Large concentrations of golden algae (blooms) cause water discoloration ranging from yellow to coppery-brown and can often be toxic to fish, said Sager. The toxins affect the fish's gill-breathing system, limiting their ability to take in oxygen and, as with red tide, death occurs from asphyxiation.
Red tide can cause respiratory difficulty in humans, but, according to the Texas Department of Health, anecdotal evidence has shown no human health risks associated with golden algae. Livestock have been observed drinking from rivers during active golden algae blooms without apparent harm.
This year, golden algae affected fisheries at Possum Kingdom Reservoir, Lake Granbury and Lake Whitney, with a loss of 600,000 fish valued at $650,000, according to TPW Kills and Spills Team estimates. Additionally, the toxic algae wiped out TPW's yearly production of striped bass when it got into the Dundee Hatchery's water source. Fisheries managers had to obtain striped bass from other states to replenish stocks lost to golden algae.
TPW is working to avoid a repeat next year, said Saul. “We're conducting tests right now to protect the fry when we put them in our grow-out ponds. We need to be able to treat the water in the ponds and either kill the algae or hopefully render the toxin harmless.”
Saul said he expects the Dundee State Fish Hatchery to be back in full production next year, and protocols are being developed to minimize the risk of losing production to a golden algae outbreak. “We'll also have Possum Kingdom (State Fish Hatchery) back in operation next year. It was closed this year for renovations, but because all our hatcheries are running at capacity, we don't have many options if the algae can't be controlled," he explained. "One alternative — if we're not able to keep the fry alive in our ponds until they become fingerlings — is to stock the fry directly into lakes. We end up stocking more fish that way, but survival isn't as great as when you put in fingerlings."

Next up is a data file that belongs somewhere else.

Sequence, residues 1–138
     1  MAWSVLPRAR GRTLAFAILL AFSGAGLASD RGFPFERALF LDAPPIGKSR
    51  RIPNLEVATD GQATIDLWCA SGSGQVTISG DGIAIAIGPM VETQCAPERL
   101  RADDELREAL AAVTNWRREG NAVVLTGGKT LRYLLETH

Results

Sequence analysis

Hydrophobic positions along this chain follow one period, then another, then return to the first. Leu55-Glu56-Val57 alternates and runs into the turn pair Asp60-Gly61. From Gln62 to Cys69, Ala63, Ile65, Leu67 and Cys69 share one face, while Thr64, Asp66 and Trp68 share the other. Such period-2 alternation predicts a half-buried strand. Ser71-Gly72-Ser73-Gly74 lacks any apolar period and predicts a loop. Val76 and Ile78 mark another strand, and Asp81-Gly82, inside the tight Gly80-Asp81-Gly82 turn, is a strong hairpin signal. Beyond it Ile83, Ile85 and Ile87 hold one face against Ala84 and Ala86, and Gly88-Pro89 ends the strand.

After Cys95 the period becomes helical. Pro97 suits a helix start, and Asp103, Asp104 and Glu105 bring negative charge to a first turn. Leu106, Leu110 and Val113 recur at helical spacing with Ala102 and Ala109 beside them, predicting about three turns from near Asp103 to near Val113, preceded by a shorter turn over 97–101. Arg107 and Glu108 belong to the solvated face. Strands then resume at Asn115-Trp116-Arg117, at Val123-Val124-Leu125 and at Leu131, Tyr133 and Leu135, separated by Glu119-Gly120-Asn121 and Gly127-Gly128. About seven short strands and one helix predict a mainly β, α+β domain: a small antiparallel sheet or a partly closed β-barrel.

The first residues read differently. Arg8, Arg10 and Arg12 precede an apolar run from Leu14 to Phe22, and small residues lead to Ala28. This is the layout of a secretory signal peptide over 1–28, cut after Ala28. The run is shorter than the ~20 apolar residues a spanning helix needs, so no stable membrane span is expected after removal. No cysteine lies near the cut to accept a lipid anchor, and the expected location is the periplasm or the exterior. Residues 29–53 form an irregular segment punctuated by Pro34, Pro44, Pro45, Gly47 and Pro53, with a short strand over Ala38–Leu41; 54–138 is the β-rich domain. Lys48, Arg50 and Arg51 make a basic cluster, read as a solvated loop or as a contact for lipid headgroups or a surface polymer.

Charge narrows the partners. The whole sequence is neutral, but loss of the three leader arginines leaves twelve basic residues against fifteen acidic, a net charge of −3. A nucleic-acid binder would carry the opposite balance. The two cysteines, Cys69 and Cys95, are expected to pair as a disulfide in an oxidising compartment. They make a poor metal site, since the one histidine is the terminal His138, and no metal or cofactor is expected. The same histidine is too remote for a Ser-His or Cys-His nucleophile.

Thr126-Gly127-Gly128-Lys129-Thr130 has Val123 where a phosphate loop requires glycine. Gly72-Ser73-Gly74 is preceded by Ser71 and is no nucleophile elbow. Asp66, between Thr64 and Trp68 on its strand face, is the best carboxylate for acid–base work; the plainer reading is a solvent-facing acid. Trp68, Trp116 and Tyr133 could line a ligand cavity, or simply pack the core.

"Unlike in the hatchery ponds, at present there are no cost-effective or efficient methods for control in a watershed," Sager said. "We will try to assess the fisheries and restock or manage those lakes to try and overcome the impacts. Hopefully, the future research will develop new control and management options."
As a result of the public workshop, researchers will seek assistance from their red tide counterparts on the Harmful Algal Bloom Committee, which was originally formed to discuss red tide algal blooms and other marine toxic algae. The Harmful Algal Bloom Committee is a component of the legislatively formed interagency Toxic Substances Coordinating Committee and could be helpful in bringing other state, federal and academic participants to the table, said Sager.
"This issue is important to our constituents around Possum Kingdom Reservoir and to the overall health of the affected resources," said Larry McKinney, TPW senior director for aquatic resources. "The workshop was a positive first step in finding solutions to this problem."
Would you like to know more?
The Biology of Golden Alga summarizes what we know about the alga and its toxins.
Where does golden alga fit compared to other single-celled organisms?
The Golden Alga Family Tree gives examples of and information about golden alga and other protists.
What does golden alga look like?
TPWD Golden Alga Images has photos of fish kills, golden algal cells, and short videos of live golden alga. These images may be used for noncommercial/educational purposes as long as TPWD is given credit and other site policies are followed.
Golden Alga Information Card: TPWD has collaborated with the Texas Commission on Environmental Quality and other entities to produce a golden alga information card. Download a PDF from the TCEQ website or request a free hard copy from TPWD at firstname.lastname@example.org.